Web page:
Nylon is very close, save for certain root, unpremeditated instincts, to what I spent a number of years enacting. I was a simple occupant, the man the anonymous senders of junk mail have in mind when they buy the stamp. And it was only my ability to see something in the accretion of toothpaste on unscrubbed counters, the signaling stain from plugged eaves troughs, the smell of myself in fear, as unattractive and profound as the funk of unloaded clothes hampers, that propelled me into the public nerve net with the ability to terrify with a smile or merely missing teeth. My affection for the ordinary, for Joe Blow in all his wonder, has deprived me of the power. But if the recoil doesn't kill me, if my affections don't kill me, I may laugh all the way to the bank; and without ever becoming The Occupant again, I could be happy. Not happy with a grin and the days flying by, but picking up the hours like shining stones. Meanwhile, it is sea level, incidents of torpor, and I know that I have been preceded in death. But if Catherine and I find a way to be happy together, we'll step aside when desolation roars past.

When I met my grandfather for the last time, he was riding an old singlefoot horse and carried his cane in a saddle scabbard. He looked at me for a long time, standing before him in my corduroys, T-shirt, and red tennis shoes; and said,
“Oh, what's the use?”

*   *   *

Marcelline popped in.

“Two dudes outside want to know if you'll back them in the far-out tie-tack business.”


She stepped outside and called, “No.”

Then she came back in and rubbed up against me.

“Got time to feed it in?” she asked.


“Want to rob a crypt with my honey and me?”

“No, sir.”

“He had to leave New Orleans. They used smear tactics against him.”

“The term ‘grave robber' doesn't sit well with people.”

“They could of said ‘breaking and entering.' If a person busts into a store front, they say ‘B and E,' not store-front robbery. They called him a grave robber so it would go harder on him. He had to jump bail, no ifs, ands, or buts about it.”

“I see your point,” I said wanly.

“Anyhow, we located this crypt has this lieutenant from the pirate squadron in it, hundreds of years old. It could be damn near anything in there. We'll be in the cemetery tonight.”

She darted through the wall into the blinding light.

I felt I had got used to Marcelline. She seemed like a moron. I'm sure she's not. At this point, time had had that effect. I don't like anything time does, so I'm not sure why I'm buying this. But she did seem quite the little moron.

I waited until Marcelline was clear, then I went outside and got almost nine dollars from the wishing well. I don't know who got the impostor's silver dollars. I pushed my hands into my pockets and looked up the street at the cars under the palms, the lawns against the shattered sidewalk.

When Jesse James rode the trolley in St. Joseph, they could smell gunpowder in his clothing. I started crying again for the first time since the monkey bars.

*   *   *

On January 13, 1975, I got up from dinner at a small private bistro, popular with the professional psychodrama folks, called Fuck You. I am absolutely sure that I had a wonderful meal but ten minutes after I got up from the table I couldn't remember what I ate.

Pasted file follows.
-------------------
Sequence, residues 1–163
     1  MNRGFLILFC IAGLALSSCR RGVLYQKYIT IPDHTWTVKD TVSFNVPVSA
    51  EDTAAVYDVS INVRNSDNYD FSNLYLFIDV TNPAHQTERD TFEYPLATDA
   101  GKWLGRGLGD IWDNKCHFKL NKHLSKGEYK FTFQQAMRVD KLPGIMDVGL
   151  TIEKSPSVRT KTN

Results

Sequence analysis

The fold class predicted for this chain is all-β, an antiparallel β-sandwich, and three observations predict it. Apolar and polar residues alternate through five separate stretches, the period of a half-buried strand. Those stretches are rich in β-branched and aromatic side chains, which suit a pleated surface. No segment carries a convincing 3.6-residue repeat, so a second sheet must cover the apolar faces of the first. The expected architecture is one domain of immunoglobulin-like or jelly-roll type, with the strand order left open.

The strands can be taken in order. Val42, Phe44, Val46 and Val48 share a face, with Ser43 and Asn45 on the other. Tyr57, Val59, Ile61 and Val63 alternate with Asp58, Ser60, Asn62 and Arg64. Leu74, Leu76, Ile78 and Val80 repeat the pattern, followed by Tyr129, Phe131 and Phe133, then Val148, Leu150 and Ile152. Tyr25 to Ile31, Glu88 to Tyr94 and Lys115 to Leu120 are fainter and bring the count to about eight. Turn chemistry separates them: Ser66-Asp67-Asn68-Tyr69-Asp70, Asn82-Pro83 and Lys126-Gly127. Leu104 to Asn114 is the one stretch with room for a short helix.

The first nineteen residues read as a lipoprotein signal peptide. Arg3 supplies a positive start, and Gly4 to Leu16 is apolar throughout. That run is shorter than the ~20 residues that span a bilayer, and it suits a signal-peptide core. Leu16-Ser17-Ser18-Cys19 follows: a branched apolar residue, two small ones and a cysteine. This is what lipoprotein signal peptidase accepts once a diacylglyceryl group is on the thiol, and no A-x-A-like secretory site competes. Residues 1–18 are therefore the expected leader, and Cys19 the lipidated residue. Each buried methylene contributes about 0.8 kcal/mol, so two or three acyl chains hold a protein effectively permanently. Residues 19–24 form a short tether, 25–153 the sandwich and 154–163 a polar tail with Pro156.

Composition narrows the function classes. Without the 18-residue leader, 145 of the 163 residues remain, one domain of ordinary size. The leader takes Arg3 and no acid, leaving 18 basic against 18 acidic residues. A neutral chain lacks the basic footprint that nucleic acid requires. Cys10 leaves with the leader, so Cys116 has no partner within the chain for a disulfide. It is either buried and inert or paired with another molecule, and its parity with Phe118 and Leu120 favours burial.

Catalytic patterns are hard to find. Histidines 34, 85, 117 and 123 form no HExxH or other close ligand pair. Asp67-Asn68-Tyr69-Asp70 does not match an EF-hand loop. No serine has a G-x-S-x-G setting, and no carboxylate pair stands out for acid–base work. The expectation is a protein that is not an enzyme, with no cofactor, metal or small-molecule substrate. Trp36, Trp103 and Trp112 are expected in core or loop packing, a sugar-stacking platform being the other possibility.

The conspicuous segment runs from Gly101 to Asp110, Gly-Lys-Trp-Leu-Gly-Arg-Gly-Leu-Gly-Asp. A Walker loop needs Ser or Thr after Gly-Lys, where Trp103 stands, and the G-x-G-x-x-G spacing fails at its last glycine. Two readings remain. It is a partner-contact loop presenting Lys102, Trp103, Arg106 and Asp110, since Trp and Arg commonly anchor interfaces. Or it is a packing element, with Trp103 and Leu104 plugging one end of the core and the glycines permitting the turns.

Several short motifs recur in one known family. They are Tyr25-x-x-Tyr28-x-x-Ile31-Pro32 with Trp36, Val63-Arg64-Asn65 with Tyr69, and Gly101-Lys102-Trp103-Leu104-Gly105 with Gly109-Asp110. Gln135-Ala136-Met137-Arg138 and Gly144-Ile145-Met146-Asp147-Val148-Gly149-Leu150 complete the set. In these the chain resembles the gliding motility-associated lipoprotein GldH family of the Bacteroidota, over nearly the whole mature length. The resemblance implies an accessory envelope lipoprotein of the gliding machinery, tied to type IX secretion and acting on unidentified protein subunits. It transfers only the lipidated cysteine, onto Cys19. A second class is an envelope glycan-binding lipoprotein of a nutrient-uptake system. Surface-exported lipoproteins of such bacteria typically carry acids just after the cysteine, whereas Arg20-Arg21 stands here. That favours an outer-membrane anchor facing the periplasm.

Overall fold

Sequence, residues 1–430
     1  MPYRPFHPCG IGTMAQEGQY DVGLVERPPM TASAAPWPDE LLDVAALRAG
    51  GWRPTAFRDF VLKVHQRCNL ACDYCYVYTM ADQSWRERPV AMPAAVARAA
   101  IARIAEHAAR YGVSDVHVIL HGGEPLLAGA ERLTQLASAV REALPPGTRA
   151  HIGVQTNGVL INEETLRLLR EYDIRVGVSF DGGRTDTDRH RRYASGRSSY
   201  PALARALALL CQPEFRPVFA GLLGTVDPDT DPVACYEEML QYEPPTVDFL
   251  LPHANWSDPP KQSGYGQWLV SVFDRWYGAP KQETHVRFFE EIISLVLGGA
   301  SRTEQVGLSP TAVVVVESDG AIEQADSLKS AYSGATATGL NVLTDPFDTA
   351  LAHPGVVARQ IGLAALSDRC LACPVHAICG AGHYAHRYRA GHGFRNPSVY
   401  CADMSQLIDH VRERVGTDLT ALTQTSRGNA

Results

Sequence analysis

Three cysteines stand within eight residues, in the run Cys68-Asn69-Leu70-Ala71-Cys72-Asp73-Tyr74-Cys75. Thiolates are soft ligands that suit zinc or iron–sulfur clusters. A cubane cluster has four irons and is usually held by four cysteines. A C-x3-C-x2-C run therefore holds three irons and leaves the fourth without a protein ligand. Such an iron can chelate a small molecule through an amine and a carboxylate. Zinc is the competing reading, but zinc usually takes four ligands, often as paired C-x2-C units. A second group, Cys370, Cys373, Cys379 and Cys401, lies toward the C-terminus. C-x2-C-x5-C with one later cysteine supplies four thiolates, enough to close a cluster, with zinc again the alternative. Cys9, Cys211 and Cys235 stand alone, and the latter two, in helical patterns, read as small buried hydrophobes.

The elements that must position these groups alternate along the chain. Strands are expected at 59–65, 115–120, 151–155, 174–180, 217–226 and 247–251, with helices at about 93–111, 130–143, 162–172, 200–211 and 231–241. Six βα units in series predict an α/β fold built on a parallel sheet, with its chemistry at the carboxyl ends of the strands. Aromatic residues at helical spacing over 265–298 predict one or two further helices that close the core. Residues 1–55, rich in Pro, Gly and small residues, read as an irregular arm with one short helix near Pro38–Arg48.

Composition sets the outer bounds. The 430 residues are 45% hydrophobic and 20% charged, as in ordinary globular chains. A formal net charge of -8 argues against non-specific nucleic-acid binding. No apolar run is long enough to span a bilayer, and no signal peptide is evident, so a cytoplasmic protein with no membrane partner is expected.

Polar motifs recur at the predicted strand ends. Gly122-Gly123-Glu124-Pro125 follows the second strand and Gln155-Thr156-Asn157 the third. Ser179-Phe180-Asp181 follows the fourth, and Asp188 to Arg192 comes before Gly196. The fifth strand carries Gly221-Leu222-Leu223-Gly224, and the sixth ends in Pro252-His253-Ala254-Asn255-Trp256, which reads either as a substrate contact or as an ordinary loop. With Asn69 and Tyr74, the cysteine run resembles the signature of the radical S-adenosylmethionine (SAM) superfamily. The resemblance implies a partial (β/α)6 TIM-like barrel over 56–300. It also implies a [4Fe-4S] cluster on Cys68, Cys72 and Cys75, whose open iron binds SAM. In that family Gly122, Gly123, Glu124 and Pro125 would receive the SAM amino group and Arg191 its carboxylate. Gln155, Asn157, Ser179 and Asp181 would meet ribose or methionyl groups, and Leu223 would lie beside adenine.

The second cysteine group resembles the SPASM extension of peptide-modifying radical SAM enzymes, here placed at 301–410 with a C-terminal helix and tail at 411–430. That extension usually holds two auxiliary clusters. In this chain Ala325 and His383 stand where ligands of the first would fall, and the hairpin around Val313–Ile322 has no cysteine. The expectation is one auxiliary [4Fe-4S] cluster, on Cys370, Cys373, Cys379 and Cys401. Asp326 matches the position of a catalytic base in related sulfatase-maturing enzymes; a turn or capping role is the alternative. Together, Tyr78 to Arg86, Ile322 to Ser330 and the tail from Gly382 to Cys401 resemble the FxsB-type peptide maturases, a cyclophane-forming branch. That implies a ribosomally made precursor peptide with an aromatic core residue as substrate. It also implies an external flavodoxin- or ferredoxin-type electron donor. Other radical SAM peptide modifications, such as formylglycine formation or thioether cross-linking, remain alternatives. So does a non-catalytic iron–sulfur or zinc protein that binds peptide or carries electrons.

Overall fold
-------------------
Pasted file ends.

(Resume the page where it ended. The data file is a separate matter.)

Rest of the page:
I had been dining with Jean-Luc Godard, who was a little down on his heels and looking for a new slant, in other words, me. He said, “It is simple, Chet. We return to Fuck You and ask the maitre d'.” He couldn't remember what I ate either.

I said, “Nuts to that, Jean. I will just have to eat again. And in case you remember what I ate, I'd rather you didn't say.”

“But aren't you full?”

“That's going to have to be my tough luck.”

I had another large and this time disgusting meal at Luchow's, including a ghastly platter of Black Forest mushrooms. All the while a hideous Bavarian orchestra in lederhosen blared at my table. Imagine my discomfort!

it kept happening for years to come, sometimes three meals in a row. Eventually it culminated in a very unfortunate episode with the mayor of New York.

*   *   *

Catherine said, “This business about Jesse James, I wish you'd stop. It makes my skin crawl.”


“He's deader than a doornail.”

“Wait a minute.”

“Dead. And you know something? Nobody else has these troubles we do. I don't like this. I don't believe we ever needed your fame. I don't think I ever had to leave South Carolina—”

“We sought to be illustrious.”

“I want to be happy.”

“You said that.”

“I want to be happy.”


“I want to be happy.”

“Jesse James was happy.”

“He was trigger-happy.”

“That's happy.”

“I just want to be happy.”

“Catherine, come on now.”

“Make me happy.” She was starting to sob.


“Do it. Stay out of Panama. Please let us be happy.”

“Happiness is just a guy named Joe,” I said to lighten the atmosphere.

“Well then,” she said through her teeth. “You and Joe stay the fuck out of Panama.”

I stole a look at her through my terror of her authority, and through this vivid teeth-clenched fury, her face, lit by street lamps shining through the leaves of dead palms, seemed transcendent and fine, like the face of a legendary princess killed by lightning. I was lucky to have been in her life.

“Do I have to listen to this,” I said gingerly and she slapped my face, one ringing blow, then idly stirred yet another piña colada while watching a little sloop look for a place to anchor. For all I knew, she could have been Jesse, a token of his power to inhabit my loved ones at will.


a lemon rind around the inside of my coffee cup, and I was staring at the awakening rummies on the icehouse loading dock, when Don sat down.

I said, “Beat it, Peewee.”

“Just doing my job.”

He was dressed in a suit this time, with the kind of three-button jacket and ill-fitting pants that used to be high with academics from nice families, so that a college kid could look up and say to himself,
no smart-ass big-city Jew, that's

“I want my breakfast,” I said. “I don't want to hear I molested an infant in Spokane at 3 a.m. when I thought I was sleeping.”

“No, but you refused to speak to your father when he called.”

“How would you know that if it were true?”

“Lineman's phone. Got alligator clips and I just plug into your wire.”

“Uh huh.”

“You told your father he had a wrong number.”

“Shut up! He's dead!”

The fry cook turned around and stared but kept on scraping.

“And you bounced a check for five hundred thousand dollars.”

I got up. “I don't need this.”

“You wrote a sixty-thousand-dollar check for a conch house on Caroline. That bounced.”

“Check please.”

The waitress quickly reached me a ticket. I slapped my empty pockets in panic. She couldn't keep her eyes off me.

“I got it,” said Don and tossed the thirty cents onto the counter. “And
might be the last I can do for your memory. —I'm heading for the pay window.”

*   *   *

Running on Dey Street, I slide on casuarina seeds and lose a shoe and bang my head and make blood where the cobbles come from under the tar. An old lady leans out from the balcony of the octagonal house, glances at the welding shop, jets snuff into the trees, and says, “You all right?”

BOOK: Panama
12.79Mb size Format: txt, pdf, ePub